Friday, April 5, 2013

Leviticus 1:1-4:35


Animal sacrifice was a common feature of ancient temple religions. (A friend, a classicist, reminds me that vegetable and drink offerings were also common to temple religions). The first four chapters of Leviticus contain regulations for various kinds of animal sacrifices as well as grain offerings.

Sacrifices were made to atone for sin, for the sake of fellowship, for ritual purification, to remove guilt, and simply as a gift. Some sacrifices were burned up entirely. Others were shared with family, neighbors, and, of course, the priests. In any case the fatty portions of the animal were invariably given to God. The blood was poured out and never consumed.

Way back in Genesis 9 we read that blood was equated with life. This idea will be repeated several times in Leviticus. Since life comes from God, I think that pouring out the blood is a way of returning that life to God.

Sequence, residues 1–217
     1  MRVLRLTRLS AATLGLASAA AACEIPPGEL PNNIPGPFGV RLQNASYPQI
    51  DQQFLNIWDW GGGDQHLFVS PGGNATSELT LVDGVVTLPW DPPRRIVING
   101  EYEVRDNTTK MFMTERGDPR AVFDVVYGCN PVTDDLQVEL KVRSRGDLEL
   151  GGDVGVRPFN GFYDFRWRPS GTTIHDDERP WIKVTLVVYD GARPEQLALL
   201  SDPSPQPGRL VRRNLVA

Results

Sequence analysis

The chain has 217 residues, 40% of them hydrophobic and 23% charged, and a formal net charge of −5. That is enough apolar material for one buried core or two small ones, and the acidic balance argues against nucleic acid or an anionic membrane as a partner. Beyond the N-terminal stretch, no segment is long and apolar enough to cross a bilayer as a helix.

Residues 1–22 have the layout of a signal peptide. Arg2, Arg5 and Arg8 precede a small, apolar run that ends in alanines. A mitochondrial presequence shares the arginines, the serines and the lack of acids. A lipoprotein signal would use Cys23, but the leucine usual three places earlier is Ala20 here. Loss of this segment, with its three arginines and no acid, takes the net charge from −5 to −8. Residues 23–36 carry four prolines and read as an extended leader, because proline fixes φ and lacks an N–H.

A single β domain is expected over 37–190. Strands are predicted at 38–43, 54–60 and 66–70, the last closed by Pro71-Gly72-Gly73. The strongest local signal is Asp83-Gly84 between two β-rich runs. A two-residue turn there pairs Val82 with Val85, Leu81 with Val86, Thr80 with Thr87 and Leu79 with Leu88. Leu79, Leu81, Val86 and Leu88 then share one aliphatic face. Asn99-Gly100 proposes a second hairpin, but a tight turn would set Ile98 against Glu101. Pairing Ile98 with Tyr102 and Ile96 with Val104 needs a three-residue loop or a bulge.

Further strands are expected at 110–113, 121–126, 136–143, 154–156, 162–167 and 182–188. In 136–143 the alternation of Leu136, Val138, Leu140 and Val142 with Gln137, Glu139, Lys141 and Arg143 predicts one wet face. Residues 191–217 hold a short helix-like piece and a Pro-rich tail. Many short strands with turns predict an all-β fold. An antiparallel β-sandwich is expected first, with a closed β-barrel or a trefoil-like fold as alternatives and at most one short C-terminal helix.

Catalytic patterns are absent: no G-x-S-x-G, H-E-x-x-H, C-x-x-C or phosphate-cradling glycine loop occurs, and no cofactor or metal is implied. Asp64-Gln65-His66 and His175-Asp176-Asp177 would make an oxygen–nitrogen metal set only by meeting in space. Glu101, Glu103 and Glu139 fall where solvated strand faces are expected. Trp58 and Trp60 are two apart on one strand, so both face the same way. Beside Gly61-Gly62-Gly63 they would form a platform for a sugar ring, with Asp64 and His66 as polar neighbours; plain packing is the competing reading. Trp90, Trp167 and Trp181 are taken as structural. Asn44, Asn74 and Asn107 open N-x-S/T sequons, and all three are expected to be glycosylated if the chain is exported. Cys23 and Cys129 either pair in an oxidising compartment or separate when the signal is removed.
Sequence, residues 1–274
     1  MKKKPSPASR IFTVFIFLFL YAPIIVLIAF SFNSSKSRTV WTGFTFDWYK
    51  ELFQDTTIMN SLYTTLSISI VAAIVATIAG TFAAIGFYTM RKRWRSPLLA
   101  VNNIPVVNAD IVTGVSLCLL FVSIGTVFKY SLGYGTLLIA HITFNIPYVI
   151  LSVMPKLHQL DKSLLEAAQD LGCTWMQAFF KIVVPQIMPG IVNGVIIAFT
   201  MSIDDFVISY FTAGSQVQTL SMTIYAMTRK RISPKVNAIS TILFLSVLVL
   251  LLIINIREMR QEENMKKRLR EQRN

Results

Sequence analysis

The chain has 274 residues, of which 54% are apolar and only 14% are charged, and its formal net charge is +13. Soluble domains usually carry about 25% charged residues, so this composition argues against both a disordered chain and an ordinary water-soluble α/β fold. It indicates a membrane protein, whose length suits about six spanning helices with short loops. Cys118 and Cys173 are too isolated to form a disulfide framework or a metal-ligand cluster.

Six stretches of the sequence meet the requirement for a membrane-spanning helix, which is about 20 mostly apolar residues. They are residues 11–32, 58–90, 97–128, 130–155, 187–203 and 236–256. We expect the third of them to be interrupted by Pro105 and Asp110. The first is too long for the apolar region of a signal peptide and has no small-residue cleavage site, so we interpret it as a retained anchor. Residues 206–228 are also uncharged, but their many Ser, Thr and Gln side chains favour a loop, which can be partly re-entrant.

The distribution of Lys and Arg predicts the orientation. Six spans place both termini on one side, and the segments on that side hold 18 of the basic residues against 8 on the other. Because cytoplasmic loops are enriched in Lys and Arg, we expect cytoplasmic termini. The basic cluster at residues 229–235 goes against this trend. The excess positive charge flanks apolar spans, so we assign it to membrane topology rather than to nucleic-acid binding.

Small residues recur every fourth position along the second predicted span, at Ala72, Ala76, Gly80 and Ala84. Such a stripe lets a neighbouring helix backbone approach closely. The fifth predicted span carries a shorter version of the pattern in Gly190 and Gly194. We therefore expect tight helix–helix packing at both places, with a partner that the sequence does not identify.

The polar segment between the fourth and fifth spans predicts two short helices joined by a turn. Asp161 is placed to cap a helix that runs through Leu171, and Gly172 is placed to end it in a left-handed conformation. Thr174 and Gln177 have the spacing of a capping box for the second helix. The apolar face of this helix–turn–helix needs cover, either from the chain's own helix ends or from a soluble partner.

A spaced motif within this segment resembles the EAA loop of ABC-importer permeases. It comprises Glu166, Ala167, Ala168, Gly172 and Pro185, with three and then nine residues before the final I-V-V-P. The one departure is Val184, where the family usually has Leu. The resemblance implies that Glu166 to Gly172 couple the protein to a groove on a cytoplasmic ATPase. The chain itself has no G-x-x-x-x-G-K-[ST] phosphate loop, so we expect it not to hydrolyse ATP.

I'm speculating. The truth is that the practice of animal sacrifice is so culturally remote to me that I'm not sure what the rationale for it was. Did ancient peoples believe that their gods needed to be fed? Did God's anger need to be assuaged with blood? Was the animal killed in the sinner's stead? (Considering the plague and killer Levites at the foot of Sinai this seems a plausible explanation but it portrays God in an ugly and unflattering way). Is the idea to appease God with a gift? In some instances, at least, the idea seems to be to share a meal in God's presence.

None of these possibilities is mutually exclusive. Any or all of them might have been in play in ancient Israel's system of sacrifices. What other possibilities can you think of?

How do the sacrifices described in Leviticus inform a Christian understanding of Jesus' death on the cross?

Next: Leviticus 5-7

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